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Activation of CO2-reducing methanogens in oil reservoir after addition of nutrient

Yang, Guang-Chao, Zhou, Lei, Mbadinga, Serge Maurice, You, Jing, Yang, Hua-Zhen, Liu, Jin-Feng, Yang, Shi-Zhong, Gu, Ji-Dong, Mu, Bo-Zhong
Journal of bioscience and bioengineering 2016 v.122 no.6 pp. 740-747
Firmicutes, Methanobacteriales, Methanomicrobiales, Methanosaetaceae, biomarkers, community structure, energy recovery, genes, methane production, methanogens, microbial communities, multidimensional scaling, oil fields, oils, petroleum, quantitative analysis, quantitative polymerase chain reaction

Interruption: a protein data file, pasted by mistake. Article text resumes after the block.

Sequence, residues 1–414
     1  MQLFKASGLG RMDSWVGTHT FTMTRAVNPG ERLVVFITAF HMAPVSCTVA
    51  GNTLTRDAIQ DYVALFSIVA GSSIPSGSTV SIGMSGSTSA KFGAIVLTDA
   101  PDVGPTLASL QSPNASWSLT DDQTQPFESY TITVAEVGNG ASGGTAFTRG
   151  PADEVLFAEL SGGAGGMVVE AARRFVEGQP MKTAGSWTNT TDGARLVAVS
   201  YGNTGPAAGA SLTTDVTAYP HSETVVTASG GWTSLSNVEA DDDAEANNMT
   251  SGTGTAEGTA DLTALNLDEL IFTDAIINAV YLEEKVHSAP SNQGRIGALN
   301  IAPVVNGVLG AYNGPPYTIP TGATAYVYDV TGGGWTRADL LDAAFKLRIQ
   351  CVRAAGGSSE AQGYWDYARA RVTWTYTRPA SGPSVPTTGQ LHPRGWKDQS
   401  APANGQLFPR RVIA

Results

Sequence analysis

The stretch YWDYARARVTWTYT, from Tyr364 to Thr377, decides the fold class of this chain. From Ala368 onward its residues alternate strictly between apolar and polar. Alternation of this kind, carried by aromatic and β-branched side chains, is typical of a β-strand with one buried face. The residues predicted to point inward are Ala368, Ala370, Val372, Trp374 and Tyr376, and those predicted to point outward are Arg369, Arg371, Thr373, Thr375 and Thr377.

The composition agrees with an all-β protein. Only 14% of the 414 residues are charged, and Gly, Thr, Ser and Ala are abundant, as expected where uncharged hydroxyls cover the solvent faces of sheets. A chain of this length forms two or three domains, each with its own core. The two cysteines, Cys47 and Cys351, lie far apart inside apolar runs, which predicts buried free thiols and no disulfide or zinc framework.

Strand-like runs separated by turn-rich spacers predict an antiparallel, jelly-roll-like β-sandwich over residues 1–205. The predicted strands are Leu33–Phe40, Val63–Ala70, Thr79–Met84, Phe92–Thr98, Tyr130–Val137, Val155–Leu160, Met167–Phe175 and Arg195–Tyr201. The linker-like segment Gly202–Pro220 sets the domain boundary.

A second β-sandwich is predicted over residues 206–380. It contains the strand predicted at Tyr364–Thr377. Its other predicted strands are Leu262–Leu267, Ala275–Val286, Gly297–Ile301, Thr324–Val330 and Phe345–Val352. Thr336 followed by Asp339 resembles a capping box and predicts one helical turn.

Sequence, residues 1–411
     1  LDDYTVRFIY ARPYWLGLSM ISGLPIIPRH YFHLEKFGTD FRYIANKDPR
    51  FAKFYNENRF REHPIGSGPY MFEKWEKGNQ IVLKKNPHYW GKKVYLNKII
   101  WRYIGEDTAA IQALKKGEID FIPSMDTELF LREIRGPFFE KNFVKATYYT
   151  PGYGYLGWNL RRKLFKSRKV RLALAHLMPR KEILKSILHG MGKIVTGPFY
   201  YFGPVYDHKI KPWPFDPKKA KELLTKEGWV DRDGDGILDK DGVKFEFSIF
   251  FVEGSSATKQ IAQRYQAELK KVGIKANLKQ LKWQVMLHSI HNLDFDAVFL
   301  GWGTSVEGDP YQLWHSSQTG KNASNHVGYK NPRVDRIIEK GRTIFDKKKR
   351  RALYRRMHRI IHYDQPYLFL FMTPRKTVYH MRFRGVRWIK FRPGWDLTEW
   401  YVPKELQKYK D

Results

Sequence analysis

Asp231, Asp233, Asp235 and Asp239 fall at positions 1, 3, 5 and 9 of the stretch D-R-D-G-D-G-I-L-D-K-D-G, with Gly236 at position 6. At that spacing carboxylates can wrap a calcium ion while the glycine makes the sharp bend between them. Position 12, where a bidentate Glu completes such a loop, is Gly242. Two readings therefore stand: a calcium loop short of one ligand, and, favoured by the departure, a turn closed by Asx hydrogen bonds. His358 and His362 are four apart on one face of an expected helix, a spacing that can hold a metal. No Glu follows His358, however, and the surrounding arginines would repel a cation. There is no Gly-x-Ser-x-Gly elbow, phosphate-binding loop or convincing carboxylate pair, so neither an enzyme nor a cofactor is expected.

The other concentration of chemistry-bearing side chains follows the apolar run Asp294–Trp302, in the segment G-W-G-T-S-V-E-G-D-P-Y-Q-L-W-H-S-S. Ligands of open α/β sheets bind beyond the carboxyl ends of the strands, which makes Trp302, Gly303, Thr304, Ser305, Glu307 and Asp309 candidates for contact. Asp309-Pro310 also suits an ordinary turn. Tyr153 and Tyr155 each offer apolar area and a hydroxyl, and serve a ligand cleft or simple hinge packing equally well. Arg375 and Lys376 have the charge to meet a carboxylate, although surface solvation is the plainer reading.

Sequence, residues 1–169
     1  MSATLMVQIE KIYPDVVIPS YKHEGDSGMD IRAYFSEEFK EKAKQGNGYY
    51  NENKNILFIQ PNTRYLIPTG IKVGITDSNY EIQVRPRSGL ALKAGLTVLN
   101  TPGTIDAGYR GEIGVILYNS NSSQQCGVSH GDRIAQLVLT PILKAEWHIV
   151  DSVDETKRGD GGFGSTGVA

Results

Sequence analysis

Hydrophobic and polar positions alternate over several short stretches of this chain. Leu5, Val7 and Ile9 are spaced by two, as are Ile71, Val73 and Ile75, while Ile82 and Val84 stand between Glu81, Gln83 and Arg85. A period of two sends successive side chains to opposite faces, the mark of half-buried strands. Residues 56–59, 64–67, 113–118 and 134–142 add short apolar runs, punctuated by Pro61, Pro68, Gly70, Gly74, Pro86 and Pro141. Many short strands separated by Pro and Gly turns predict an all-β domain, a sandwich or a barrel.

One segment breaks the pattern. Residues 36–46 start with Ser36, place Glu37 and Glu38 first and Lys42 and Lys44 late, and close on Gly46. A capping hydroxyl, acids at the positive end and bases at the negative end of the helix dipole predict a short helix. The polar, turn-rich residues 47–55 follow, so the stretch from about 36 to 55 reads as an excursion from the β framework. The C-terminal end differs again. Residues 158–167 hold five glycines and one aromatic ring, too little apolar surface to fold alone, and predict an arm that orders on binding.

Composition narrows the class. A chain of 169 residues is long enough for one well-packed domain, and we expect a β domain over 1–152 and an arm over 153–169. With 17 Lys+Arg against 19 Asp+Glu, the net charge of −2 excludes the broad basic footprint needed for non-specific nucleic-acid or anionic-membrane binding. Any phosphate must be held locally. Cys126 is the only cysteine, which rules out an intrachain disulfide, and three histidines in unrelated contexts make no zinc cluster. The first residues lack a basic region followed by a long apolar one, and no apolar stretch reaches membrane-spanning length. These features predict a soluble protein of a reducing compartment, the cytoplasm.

Nutrient addition as part of microbial enhanced oil recovery (MEOR) operations have important implications for more energy recovery from oil reservoirs, but very little is known about the in situ response of microorganisms after intervention. An analysis of two genes as biomarkers, mcrA encoding the key enzyme in methanogenesis and fthfs encoding the key enzyme in acetogenesis, was conducted during nutrient addition in oil reservoir. Clone library data showed that dominant mcrA sequences changed from acetoclastic (Methanosaetaceae) to CO2-reducing methanogens (Methanomicrobiales and Methanobacteriales), and the authentic acetogens affiliated to Firmicutes decreased after the intervention. Principal coordinates analysis (PCoA) and Jackknife environment clusters revealed evidence on the shift of the microbial community structure among the samples. Quantitative analysis of methanogens via qPCR showed that Methanobacteriales and Methanomicrobiales increased after nutrient addition, while acetoclastic methanogens (Methanosaetaceae) changed slightly. Nutrient treatment activated native CO2-reducing methanogens in oil reservoir. The high frequency of Methanobacteriales and Methanomicrobiales (CO2-reducers) after nutrient addition in this petroleum system suggested that CO2-reducing methanogenesis was involved in methane production. The nutrient addition could promote the methane production. The results will likely improve strategies of utilizing microorganisms in subsurface environments.